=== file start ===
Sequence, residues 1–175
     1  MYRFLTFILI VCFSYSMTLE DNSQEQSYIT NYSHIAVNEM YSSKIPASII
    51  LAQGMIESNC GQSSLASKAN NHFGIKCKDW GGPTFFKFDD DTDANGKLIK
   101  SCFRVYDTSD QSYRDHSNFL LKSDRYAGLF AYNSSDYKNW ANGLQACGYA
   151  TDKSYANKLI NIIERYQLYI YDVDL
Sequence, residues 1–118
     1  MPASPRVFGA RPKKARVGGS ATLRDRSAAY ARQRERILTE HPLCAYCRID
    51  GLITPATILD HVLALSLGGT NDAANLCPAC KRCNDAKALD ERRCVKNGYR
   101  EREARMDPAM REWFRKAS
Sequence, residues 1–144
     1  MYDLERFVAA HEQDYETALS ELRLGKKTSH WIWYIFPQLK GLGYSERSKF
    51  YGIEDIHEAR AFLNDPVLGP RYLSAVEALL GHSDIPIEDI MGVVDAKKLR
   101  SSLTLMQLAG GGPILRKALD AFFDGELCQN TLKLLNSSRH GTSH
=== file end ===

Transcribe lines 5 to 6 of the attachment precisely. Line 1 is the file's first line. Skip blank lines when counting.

   151  TDKSYANKLI NIIERYQLYI YDVDL
Sequence, residues 1–118